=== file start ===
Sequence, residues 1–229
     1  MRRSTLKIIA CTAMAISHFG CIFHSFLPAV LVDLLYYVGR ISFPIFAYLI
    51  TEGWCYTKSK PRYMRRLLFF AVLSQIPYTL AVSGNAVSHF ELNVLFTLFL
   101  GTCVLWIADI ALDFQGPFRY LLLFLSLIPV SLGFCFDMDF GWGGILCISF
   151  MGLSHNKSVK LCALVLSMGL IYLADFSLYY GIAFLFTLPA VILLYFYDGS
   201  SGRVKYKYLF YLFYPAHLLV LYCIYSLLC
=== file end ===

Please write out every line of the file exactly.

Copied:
Sequence, residues 1–229
     1  MRRSTLKIIA CTAMAISHFG CIFHSFLPAV LVDLLYYVGR ISFPIFAYLI
    51  TEGWCYTKSK PRYMRRLLFF AVLSQIPYTL AVSGNAVSHF ELNVLFTLFL
   101  GTCVLWIADI ALDFQGPFRY LLLFLSLIPV SLGFCFDMDF GWGGILCISF
   151  MGLSHNKSVK LCALVLSMGL IYLADFSLYY GIAFLFTLPA VILLYFYDGS
   201  SGRVKYKYLF YLFYPAHLLV LYCIYSLLC